Simon Stevens, the new chief executive of NHS England, says the service needs to return to treating more patients in their local communities, and learn from countries such as Sweden, Holland and the USA to bolster care around small hospitals.

Speaking to the Daily Telegraph ahead of a major speech to the NHS Confederation’s conference in Liverpool on Wednesday, he said that most of western Europe has hospitals which are able to serve their local communities, “without everything having to be centralised”. He added that the service needs to abandon a fixation with “mass centralisation” and instead invest in community services to care for the elderly.

Mr Stevens told the newspaper that “the single most important question facing us is how do we best support older people? Two-thirds of hospital patients are over retirement age.” However, “you cannot have a modern health service that is not treating older patients with dignity and compassion, supporting them at home and ensuring targeted prevention”.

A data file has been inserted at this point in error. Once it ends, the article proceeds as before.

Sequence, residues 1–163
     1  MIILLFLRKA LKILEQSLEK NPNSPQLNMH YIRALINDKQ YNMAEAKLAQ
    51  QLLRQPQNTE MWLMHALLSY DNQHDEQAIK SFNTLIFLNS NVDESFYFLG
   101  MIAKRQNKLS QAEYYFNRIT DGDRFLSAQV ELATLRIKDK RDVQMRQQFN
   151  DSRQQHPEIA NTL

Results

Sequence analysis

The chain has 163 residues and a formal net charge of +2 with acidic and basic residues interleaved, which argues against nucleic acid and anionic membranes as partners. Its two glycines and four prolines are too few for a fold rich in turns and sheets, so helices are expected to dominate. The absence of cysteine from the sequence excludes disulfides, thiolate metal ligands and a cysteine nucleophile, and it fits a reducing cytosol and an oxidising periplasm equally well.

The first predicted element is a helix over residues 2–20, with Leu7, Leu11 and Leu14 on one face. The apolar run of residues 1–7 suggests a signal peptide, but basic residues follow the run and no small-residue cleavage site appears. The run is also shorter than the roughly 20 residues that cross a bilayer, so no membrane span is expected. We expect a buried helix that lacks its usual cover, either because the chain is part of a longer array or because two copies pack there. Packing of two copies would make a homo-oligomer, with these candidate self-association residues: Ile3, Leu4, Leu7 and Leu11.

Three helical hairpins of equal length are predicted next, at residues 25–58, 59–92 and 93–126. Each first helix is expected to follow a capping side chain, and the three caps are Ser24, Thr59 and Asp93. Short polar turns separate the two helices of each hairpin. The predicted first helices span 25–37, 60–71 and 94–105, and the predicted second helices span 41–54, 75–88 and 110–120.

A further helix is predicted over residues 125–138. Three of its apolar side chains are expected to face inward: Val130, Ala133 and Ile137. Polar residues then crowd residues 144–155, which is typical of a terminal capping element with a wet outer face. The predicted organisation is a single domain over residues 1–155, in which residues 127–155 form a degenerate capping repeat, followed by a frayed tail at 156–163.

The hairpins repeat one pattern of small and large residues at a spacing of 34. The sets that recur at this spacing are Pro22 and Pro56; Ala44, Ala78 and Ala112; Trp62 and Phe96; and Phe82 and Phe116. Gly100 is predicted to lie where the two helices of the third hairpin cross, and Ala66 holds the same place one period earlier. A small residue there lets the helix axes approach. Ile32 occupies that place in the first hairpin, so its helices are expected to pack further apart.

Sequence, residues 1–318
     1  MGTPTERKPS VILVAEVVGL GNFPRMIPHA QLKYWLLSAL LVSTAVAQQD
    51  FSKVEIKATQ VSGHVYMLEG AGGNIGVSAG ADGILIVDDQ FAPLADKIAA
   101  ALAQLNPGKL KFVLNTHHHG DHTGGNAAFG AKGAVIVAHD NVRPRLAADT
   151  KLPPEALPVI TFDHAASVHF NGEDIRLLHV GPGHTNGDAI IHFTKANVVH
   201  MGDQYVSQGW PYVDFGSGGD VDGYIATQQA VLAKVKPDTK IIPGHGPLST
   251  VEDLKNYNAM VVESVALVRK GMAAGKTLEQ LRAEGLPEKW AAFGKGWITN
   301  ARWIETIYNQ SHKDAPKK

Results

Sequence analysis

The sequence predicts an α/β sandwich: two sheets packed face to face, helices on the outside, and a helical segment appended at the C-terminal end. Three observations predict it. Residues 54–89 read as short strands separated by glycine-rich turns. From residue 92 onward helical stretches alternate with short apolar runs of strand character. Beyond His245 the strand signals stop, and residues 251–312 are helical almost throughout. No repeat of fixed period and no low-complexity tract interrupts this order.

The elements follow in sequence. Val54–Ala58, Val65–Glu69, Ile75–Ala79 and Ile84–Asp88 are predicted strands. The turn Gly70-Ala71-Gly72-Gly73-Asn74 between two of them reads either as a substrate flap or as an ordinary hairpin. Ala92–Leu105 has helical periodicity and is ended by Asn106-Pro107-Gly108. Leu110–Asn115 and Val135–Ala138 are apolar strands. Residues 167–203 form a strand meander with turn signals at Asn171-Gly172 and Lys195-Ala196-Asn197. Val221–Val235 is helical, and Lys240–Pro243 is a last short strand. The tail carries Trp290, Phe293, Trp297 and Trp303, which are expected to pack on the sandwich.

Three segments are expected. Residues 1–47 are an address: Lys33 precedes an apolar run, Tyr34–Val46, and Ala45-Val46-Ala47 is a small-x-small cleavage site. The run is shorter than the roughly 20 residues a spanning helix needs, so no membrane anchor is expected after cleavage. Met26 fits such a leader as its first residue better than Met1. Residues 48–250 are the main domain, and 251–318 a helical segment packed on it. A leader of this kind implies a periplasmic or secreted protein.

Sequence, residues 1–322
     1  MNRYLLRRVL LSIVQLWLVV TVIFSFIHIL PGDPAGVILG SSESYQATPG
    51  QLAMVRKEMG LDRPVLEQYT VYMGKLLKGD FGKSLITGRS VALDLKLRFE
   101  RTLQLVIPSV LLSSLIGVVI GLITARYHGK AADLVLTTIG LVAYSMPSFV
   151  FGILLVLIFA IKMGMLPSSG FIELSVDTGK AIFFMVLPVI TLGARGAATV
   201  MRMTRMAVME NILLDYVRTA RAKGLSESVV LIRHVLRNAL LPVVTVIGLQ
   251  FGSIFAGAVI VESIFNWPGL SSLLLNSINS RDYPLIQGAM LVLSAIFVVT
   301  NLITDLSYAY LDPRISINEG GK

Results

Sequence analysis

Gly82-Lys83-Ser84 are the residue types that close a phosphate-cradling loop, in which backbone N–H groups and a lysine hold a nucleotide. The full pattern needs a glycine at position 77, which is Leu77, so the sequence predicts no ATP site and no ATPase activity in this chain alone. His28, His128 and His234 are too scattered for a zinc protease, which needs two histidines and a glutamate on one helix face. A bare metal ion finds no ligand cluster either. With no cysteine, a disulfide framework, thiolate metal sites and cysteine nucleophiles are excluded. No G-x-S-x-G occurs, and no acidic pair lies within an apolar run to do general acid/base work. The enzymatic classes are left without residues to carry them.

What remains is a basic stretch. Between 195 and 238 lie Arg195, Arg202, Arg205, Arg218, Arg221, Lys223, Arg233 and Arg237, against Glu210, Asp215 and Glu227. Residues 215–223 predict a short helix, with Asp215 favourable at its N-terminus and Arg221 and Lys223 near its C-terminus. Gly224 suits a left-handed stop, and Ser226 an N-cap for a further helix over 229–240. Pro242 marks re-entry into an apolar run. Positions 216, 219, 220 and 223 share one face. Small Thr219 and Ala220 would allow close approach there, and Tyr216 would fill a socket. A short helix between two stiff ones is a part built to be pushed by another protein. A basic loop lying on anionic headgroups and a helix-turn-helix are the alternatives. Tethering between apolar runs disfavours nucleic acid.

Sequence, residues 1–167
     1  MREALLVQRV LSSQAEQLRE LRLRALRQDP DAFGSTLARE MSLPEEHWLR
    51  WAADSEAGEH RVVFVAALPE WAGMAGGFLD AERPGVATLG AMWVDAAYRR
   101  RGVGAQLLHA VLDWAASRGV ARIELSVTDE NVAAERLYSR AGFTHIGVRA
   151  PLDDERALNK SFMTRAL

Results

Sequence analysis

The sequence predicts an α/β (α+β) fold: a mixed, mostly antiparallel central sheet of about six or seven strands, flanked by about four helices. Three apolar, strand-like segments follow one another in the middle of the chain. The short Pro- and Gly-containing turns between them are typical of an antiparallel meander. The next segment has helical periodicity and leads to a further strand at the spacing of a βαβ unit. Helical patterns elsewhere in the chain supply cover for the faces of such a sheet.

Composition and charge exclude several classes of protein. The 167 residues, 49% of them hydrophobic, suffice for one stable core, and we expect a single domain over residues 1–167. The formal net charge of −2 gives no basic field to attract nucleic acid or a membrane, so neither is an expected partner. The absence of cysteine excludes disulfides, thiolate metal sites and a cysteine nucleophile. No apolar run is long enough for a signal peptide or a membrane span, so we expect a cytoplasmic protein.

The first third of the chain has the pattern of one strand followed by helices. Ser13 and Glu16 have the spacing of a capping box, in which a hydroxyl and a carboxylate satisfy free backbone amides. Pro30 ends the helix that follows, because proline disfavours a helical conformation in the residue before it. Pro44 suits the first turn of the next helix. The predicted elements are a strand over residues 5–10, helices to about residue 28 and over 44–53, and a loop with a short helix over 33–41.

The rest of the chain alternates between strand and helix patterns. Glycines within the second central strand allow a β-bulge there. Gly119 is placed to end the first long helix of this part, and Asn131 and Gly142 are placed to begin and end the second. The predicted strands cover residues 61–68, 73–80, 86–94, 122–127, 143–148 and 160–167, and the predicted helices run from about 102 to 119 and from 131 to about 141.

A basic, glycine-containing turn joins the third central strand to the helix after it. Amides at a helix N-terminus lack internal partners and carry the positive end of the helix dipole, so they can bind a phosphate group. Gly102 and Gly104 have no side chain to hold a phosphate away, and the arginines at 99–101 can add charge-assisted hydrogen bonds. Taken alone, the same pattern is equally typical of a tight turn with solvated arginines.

He argues that the system of care outside hospitals is too complex, with too much duplication and too many gaps for patients to fall through, he suggests. “There is a big opportunity to reorganise that so it meets the needs of those at home. At the moment it is too complicated and too fragmented. If you were starting from scratch you would not design community services like that.”

He also called on businesses in the UK to financially reward employees for losing weight and adopting healthy lifestyles, citing an example of when he lived in the USA. Mr Stevens added that the NHS could also learn from the way the US had introduced electronic hospital records, which had been a “huge misfire” in the UK.